Dec 20, 2018

Americans are getting heavier

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Data: Centers for Disease Control and Prevention; Chart: Andrew Witherspoon/Axios

Americans are not getting taller, but they are gaining more weight, according to new CDC data. Since 1999, the average weight of men has increased from 189 pounds to 198 pounds. The average weight of women has gone up from 164 pounds to 171 pounds.

The bottom line: Obesity is more complicated than eating habits or exercise. But research has shown that gaining weight over time makes people more susceptible to other health risks like diabetes or heart disease.

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Study: 49% of American adults projected to be obese by 2030

A new study published by the New England Journal of Medicine estimates that almost half of American adults are expected be obese by 2030, and about 25% will be severely obese.

The big picture: The report used data from a decades-long federal study, while previous estimates typically rely on national health surveys, AP reports. The study found the prevalence of obesity among U.S. adults will vary across states and demographic subgroups.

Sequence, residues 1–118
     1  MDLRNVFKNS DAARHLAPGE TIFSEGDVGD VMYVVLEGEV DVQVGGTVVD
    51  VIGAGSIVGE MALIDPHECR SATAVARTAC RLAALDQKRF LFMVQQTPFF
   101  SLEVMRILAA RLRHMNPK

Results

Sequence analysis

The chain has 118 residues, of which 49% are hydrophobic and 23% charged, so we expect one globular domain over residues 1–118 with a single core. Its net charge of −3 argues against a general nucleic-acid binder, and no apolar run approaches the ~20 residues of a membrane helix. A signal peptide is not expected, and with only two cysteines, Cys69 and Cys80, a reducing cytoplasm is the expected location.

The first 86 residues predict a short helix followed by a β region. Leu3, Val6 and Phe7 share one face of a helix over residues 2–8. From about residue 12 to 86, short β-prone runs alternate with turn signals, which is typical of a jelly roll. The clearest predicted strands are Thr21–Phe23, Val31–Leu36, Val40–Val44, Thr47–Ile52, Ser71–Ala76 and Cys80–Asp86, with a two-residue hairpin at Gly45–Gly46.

Go deeperArrowDec 21, 2019

Women outpace men on U.S. payrolls

Data: Bureau of Labor Statistics; Note: Men count was derived by subtracting women count from total; Chart: Andrew Witherspoon/Axios

There are more women on American payrolls than men as of the latest U.S. jobs report.

Why it matters: The data reflects a hiring boom in industries that are female-dominated, while sectors that are more likely to employ men are lagging in job gains. The last time women overtook men in payrolls was “during a stretch between June 2009 and April 2010,” according to the Wall Street Journal, which first reported the milestone.

Go deeperArrowJan 10, 2020

Coca-Cola ad campaign targeted teens as childhood obesity worsens

Boxes of Coca-Cola seen at a grocery store. Photo: Ronen Tivony/SOPA Images/LightRocket via Getty Images

Coca-Cola's advertising continues to target teenagers despite public-health concerns about childhood obesity, according to a paper published in the International Journal of Environmental Research and Public Health.

Why it matters: Childhood obesity is expected to cost the U.S. $14 billion a year in direct health expenses. Rising obesity rates will translate into Type 2 diabetes and heart disease.

Go deeperArrowDec 19, 2019